The low post-WWII capital positions led regulators to develop a wide variety of methods of assessing risk in the 1950s. See, for example, the variety of methods referred to in hearings on the Utah-based Continental Bank (Federal Reserve Bulletin, August 1960) or Ryon (1966). One method was known as the Board's ABC form, i.e., the form for Analyzing Bank Capital (Board of Governors 1956).1 The Fed treated its ABC form as a guide to "norms" but warned that it could "provide no more than an initial presumption as to the actual capital required by a particular bank." The FDIC and OCC developed their own approaches (Hahn 1966, chapter 2).

After the imposition of minimum capital ratios in 1981, federal regulators soon proposed risk-adjusted standards as well, amidst concerns that the simple measures encouraged banks to take on risky assets. Coordination on risk adjustment procedures came in the 1980s in the form three proposals in quick succession: 1986 proposals coordinated by the three US banking regulators; a 1987 proposal negotiated with regulators in the United Kingdom; and a 1988 proposal as part of the Basel I accords that grew out of and superseded the US-UK proposal (see FDIC 1997, chapter 2, and Tarullo 2008, chapter 3). The accord resulted in the creation of a new "risk-weighted asset" measure, calculated by grouping assets into five different categories based on credit risk.

Proposals to refine the Basel I risk adjustment methodology surfaced almost as soon as it was implemented. By the 1990s, risk management at large banks went beyond grouping assets into coarse categories by using models to account for the many factors that shape the credit risk of any individual asset. Federal Reserve Board Governor Roger Ferguson viewed Basel I as "deficient for our larger banks" (Ferguson 2003). The Basel II standards allowed for the use of internal bank risk assessment models or, if available, ratings from credit rating agencies. The Basel II standards included several other changes, such as evaluating not just credit risk (risk that a borrower will not repay) but also market risk (risk that the market value of an asset will change) and interest rate risk.

More recently, the 2007-2009 financial crisis has led regulators to modify risk-adjusted capital requirements in several ways, including changes to the risk weights assigned to specific assets, eliminating the use of credit ratings, and raising minimum requirements for the quantity and quality of capital especially for the largest systemically important banks (Tarullo 2017). In addition to the higher minimum, banks must hold an additional "capital conservation buffer" or become subject to restrictions on dividends and other payments. Regulators also now have the option of imposing a countercyclical capital buffer based on macroeconomic conditions. Finally, the Basel III Endgame proposals released in 2023 seek to "restore credibility" to risk adjustment in part by constraining the use of banks' internal models.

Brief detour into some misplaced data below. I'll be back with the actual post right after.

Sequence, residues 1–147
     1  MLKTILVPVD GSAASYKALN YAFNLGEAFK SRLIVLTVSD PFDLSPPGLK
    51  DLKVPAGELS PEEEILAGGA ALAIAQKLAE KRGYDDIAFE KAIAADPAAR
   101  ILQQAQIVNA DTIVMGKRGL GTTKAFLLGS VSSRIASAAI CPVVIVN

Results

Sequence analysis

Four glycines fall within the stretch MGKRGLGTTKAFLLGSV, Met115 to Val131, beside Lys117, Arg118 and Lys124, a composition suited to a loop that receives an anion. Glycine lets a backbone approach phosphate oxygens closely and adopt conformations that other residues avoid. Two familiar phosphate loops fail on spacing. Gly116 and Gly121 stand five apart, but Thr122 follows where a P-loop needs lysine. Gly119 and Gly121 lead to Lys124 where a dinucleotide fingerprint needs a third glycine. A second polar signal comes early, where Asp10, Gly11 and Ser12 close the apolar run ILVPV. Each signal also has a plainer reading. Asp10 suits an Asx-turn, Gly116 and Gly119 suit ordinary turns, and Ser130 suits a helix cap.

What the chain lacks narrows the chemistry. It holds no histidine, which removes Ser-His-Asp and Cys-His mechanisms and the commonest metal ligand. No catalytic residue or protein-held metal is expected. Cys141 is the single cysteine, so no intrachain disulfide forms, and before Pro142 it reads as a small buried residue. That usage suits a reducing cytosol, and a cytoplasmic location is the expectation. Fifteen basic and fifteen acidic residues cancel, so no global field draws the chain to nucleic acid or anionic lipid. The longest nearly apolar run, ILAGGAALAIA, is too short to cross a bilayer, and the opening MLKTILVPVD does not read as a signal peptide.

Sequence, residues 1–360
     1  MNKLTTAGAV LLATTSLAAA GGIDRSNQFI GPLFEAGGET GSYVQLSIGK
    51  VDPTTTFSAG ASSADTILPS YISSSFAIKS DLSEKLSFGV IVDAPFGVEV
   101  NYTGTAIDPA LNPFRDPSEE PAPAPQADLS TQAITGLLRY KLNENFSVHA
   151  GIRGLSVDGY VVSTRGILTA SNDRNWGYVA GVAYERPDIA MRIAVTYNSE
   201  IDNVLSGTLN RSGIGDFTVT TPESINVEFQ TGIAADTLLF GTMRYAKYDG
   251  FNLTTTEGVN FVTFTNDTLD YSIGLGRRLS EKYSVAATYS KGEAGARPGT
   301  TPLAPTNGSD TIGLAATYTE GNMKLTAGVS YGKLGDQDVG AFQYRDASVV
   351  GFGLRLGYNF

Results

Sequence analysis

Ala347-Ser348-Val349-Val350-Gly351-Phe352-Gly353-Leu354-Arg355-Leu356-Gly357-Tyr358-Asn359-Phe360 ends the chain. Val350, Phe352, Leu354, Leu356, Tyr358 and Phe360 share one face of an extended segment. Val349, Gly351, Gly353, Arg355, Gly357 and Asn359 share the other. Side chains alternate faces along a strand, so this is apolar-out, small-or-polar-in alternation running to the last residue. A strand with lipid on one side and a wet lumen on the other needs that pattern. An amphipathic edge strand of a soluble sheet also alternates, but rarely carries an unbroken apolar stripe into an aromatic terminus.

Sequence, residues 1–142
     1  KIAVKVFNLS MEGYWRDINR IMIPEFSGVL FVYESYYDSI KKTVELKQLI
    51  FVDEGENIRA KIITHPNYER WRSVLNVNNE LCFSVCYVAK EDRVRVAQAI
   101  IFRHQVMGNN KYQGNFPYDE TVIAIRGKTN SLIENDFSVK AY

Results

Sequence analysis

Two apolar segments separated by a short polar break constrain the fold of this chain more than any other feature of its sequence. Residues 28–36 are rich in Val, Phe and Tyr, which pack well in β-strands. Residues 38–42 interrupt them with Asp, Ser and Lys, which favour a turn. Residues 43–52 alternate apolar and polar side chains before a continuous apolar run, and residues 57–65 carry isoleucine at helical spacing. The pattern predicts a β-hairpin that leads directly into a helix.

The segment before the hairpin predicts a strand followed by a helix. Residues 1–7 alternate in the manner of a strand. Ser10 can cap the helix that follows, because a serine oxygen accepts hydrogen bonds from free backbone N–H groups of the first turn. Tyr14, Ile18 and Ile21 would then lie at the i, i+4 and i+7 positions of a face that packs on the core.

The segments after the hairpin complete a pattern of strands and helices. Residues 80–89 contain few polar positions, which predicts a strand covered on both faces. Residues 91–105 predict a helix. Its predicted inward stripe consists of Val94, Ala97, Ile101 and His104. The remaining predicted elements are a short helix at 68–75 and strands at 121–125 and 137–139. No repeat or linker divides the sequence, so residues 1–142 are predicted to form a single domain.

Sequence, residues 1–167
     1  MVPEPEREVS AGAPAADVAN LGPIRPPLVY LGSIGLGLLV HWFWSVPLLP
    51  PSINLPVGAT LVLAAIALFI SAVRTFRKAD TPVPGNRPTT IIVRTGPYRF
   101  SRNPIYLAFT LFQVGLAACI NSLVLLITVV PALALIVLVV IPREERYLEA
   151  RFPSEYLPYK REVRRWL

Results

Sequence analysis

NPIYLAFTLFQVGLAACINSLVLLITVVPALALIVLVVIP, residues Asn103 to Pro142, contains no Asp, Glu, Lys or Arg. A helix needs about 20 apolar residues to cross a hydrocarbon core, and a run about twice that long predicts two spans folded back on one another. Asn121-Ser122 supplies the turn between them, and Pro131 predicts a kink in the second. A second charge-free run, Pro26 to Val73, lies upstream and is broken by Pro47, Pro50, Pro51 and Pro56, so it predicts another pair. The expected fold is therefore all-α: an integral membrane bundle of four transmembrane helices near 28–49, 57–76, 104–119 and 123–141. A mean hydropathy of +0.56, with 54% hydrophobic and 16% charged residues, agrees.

The legal authority of federal regulators to establish and enforce minimum capital positions was clearly and specifically authorized for the first time in the International Lending Supervision Act in 1983. Several years later, Congress further empowered and required regulators to take specific actions if banks fall below minimum requirements (see the Federal Deposit Insurance Corporation Improvement Act of 1991). One important case in the lead-up to the 1983 legislation took place in 1981, when a federal court ruled that the OCC could not require that banks maintain a minimum capital-to-asset ratio (Tufts and Moloney 2022). In an earlier case, in 1956, the Federal Reserve had ordered the Utah-based Continental Bank and Trust to raise additional capital.2 Continental's president contended that the Fed should not be able to "prescribe any kind of conditions it pleased" (Cosgriff 1957). The case concluded after several years of litigation when new management agreed to raise capital, leaving unresolved for a time the underlying legal challenge to the Fed's authority (Hahn 1966).